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Rebeca Gyumi, winner, 2018 UN Human Rights Prize

20 December 2018

In 2016, Rebeca Gyumi challenged the Marriage Act which allowed girls as young as 14 in Tanzania to be married with their parents’ consent. Thanks to her petition and campaigning by her organization, Msichana Initiative, the High Court in Tanzania said in a landmark ruling that the Marriage Act of 1971 was unconstitutional and discriminatory towards girls. The High Court’s decision raised the minimum age of marriage to 18 for both boys and girls.

The Msichana (meaning girl in Swahili) Initiative aims to empower girls through education and address challenges which limit their right to education.

"As much as I was seeing youth issues in my country, girls’ issues were always many and pressing," Gyumi said. "Child marriage was one issue in particular that frustrated me because I was part of different advocacy meetings that would discuss about how we were going to ensure that the minimum age of marriage in my country is 18 but I saw little progress."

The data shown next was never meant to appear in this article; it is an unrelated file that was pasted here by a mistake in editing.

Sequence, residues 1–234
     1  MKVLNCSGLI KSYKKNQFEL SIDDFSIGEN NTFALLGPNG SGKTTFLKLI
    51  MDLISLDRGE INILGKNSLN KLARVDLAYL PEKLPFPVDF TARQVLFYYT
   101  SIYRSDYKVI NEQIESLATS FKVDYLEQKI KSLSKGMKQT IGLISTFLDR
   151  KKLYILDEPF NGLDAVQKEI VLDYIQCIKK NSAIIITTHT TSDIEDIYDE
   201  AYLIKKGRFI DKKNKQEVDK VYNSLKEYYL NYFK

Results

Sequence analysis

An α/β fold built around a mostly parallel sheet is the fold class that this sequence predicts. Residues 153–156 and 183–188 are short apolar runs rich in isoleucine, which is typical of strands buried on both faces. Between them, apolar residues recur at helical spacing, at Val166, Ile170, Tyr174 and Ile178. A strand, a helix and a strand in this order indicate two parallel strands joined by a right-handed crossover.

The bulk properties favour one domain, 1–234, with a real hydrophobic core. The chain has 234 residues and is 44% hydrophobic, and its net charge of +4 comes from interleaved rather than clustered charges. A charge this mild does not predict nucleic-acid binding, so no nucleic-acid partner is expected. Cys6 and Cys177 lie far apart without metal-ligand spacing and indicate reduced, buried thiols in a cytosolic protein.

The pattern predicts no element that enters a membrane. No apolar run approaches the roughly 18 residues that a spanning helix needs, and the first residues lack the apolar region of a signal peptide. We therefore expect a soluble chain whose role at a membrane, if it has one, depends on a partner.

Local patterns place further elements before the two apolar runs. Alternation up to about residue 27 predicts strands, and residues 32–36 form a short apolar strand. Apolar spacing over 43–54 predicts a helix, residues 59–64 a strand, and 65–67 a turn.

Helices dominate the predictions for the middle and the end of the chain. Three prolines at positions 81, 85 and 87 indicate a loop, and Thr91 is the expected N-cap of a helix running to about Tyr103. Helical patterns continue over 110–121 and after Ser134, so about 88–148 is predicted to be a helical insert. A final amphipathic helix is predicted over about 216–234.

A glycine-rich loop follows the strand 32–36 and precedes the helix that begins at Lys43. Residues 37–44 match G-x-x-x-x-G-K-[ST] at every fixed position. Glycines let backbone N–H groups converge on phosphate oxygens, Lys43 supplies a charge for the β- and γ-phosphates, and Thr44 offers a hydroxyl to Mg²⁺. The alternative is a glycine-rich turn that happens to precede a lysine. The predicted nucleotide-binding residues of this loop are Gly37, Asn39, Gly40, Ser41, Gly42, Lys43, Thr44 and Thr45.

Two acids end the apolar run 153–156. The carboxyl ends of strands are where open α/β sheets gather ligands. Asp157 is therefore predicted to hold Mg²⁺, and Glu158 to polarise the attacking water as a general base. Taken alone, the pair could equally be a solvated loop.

"So I asked myself what can I do, as a lawyer and as a young person who feels my voice is something I can lend in this movement, to speed-up the process of raising the minimum age and that’s where the petition came about," she added.

Gyumi is one of the recipients of this year’s prestigious UN Human Rights Prize, an honorary award given to individuals and organizations in recognition of outstanding achievement in human rights.

The award provides an opportunity to give recognition to the achievements of the recipients themselves and to send a clear message to human rights defenders all over the world that the international community is grateful for, and supports, their efforts to promote all human rights for everyone.

The award ceremony for the 2018 Prize took place at UN Headquarters in New York on 18 December, as part of activities to celebrate Human Rights Day.

This year’s other three winners include Amsa Jahagir (posthumously), a human rights lawyer from Pakistan; Joenia Wapixana (Joenia Batista de Carvalho), an activist for indigenous communities in Brazil; and the Irish organization, Front Line Defenders, which advocates and works for the protection of human rights defenders.